Innovation

TMCx, Biodesign Alumni Make Forbes 30 Under 30 List


By Christine Hall | January 06, 2017

While perusing this year’s Forbes 30 Under 30 list for health care, the Texas Medical Center community will spot a few familiar faces from TMC’s innovation programs.

IntuiTap Medical cofounders Jessica Traver, CEO, and Nicole Moskowitz, chief technology officer, and Redox cofounder Niko Skievaski are honored on the annual list, featuring “the brightest young entrepreneurs, breakout talents and change agents.” IntuiTap was formed during TMC’s inaugural Biodesign fellowship program and was part of the most recent TMCx accelerator medical device cohort. Redox was in the first TMCx cohort in 2015.

Being featured on the Forbes list is not an easy feat. The judges pored over more than 15,000 applications to select the 600 people in 20 industries that ultimately were named. Forbes says it has less than a 4 percent acceptance rate, which, it points out, means it is harder to be selected for 30 Under 30 than it is to get into Stanford and Harvard Universities.

IntuiTap Medical is developing a medical device to take the guesswork out of lumbar punctures by providing physicians with a real-time image of the underlying vertebrae.

“Spinal taps hurt,” Forbes wrote. “IntuiTap wants to streamline the process by using imaging technology, pressure sensors and predictive analytics not only to make spinal taps more accurate, but also to make the process more pleasant for patients.”

“I am both extremely honored and excited to have been recognized as one of Forbes’ 30 Under 30 alongside so many incredible innovators in health care,” Traver said. “I am thankful for the opportunity to join a network of so many inspiring individuals who are making such significant changes and improvements in their industries, and I am extremely grateful to TMC and TMC Biodesign for giving me the opportunity to pursue such an amazing project.”

IntuiTap Medical’s journey began in 2015, when Traver and Moskowitz were paired with Xavier Garcia-Rojas and Yashar Ganjeh as part of the TMC Biodesign program, a paid, one-year fellowship that brings together highly accomplished innovators to create novel digital health and device solutions for health care’s unmet needs.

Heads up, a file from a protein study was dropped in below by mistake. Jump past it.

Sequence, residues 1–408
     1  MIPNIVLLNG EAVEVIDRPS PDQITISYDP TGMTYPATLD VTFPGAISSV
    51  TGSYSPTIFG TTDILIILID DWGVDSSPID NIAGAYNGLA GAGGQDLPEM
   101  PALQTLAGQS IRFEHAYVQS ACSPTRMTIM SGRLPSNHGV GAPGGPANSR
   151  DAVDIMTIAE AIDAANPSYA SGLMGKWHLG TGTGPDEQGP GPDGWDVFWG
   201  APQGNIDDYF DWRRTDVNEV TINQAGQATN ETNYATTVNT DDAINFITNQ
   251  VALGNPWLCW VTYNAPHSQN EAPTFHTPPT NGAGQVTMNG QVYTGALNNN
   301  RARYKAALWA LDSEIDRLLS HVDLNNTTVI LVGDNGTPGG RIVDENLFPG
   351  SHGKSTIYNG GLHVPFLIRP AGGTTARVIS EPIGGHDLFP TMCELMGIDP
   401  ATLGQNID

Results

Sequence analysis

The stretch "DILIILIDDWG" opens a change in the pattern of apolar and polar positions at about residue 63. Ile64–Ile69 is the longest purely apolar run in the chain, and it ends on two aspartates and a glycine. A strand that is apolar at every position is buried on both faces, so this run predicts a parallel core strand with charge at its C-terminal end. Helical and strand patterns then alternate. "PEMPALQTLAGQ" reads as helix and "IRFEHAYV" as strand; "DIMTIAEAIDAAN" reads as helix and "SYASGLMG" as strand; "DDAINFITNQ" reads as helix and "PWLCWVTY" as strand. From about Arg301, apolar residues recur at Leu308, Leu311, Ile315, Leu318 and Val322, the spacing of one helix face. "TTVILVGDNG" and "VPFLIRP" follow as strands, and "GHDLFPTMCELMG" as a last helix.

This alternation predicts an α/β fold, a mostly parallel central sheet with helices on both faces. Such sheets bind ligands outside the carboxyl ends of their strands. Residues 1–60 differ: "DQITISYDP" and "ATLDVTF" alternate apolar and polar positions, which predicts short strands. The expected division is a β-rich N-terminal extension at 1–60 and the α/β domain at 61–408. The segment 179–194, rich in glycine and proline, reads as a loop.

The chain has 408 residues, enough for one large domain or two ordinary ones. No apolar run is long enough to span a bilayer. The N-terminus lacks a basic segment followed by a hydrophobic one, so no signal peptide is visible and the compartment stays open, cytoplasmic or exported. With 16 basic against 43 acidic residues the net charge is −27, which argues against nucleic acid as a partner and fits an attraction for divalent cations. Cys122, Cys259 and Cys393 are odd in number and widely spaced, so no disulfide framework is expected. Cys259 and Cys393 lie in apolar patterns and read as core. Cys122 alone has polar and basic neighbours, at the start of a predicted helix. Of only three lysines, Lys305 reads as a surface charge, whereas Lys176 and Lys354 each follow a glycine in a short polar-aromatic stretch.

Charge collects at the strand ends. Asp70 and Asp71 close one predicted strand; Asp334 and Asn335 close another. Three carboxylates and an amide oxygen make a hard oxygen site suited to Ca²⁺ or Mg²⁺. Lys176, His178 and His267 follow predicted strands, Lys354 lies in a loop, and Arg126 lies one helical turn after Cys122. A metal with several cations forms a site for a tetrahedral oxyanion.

After surveying doctors across the Texas Medical Center, the team whittled down more than 400 needs to focus on newer doctors who aren’t yet adept at performing spinal taps. IntuiTap’s device works like a “stud finder,” to locate the correct area between the vertebrae, where the needle needs to go.

“We are so very honored and grateful to have made this year’s list for health care!” Moskowitz said. “It has been an incredible journey—throughout and beyond our TMC fellowship and accelerator experiences—learning, implementing and living the Biodesign process, and it is truly humbling to be recognized like this along the way. To me, it is not only unexpectedly exciting recognition for our team or technology, but also validation for the important role the Biodesign process—that is, a uniquely comprehensive, needs-based approach—plays in solving healthcare problems for our and future generations.”

Traver says IntuiTap is one of the more prominent new medical device companies. Last year, it won awards from AdvaMed 2016 MedTech Conference and Johnson & Johnson Innovation, and was also part of the MedTech Innovator Accelerator and Venture competition. In addition, the team has proven that its device is much needed, as it’s not difficult to find a doctor who has struggled with a spinal tap or epidural, Traver said.